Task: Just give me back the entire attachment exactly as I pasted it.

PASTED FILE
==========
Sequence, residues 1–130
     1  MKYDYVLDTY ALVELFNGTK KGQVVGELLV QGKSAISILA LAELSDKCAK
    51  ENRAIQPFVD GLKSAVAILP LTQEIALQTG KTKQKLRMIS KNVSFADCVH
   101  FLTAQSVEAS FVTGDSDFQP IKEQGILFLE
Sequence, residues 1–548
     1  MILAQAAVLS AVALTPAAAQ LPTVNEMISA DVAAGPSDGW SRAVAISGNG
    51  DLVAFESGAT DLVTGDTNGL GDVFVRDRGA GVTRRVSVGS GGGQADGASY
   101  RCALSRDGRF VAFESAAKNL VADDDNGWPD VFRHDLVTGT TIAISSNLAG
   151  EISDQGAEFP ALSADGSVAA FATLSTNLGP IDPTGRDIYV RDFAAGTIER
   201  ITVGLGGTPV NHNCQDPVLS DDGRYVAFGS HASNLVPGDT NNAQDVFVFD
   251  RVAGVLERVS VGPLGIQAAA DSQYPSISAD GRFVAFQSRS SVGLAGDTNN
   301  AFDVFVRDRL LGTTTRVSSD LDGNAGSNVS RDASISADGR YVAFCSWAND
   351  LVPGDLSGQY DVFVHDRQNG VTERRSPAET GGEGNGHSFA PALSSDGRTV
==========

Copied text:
Sequence, residues 1–130
     1  MKYDYVLDTY ALVELFNGTK KGQVVGELLV QGKSAISILA LAELSDKCAK
    51  ENRAIQPFVD GLKSAVAILP LTQEIALQTG KTKQKLRMIS KNVSFADCVH
   101  FLTAQSVEAS FVTGDSDFQP IKEQGILFLE
Sequence, residues 1–548
     1  MILAQAAVLS AVALTPAAAQ LPTVNEMISA DVAAGPSDGW SRAVAISGNG
    51  DLVAFESGAT DLVTGDTNGL GDVFVRDRGA GVTRRVSVGS GGGQADGASY
   101  RCALSRDGRF VAFESAAKNL VADDDNGWPD VFRHDLVTGT TIAISSNLAG
   151  EISDQGAEFP ALSADGSVAA FATLSTNLGP IDPTGRDIYV RDFAAGTIER
   201  ITVGLGGTPV NHNCQDPVLS DDGRYVAFGS HASNLVPGDT NNAQDVFVFD
   251  RVAGVLERVS VGPLGIQAAA DSQYPSISAD GRFVAFQSRS SVGLAGDTNN
   301  AFDVFVRDRL LGTTTRVSSD LDGNAGSNVS RDASISADGR YVAFCSWAND
   351  LVPGDLSGQY DVFVHDRQNG VTERRSPAET GGEGNGHSFA PALSSDGRTV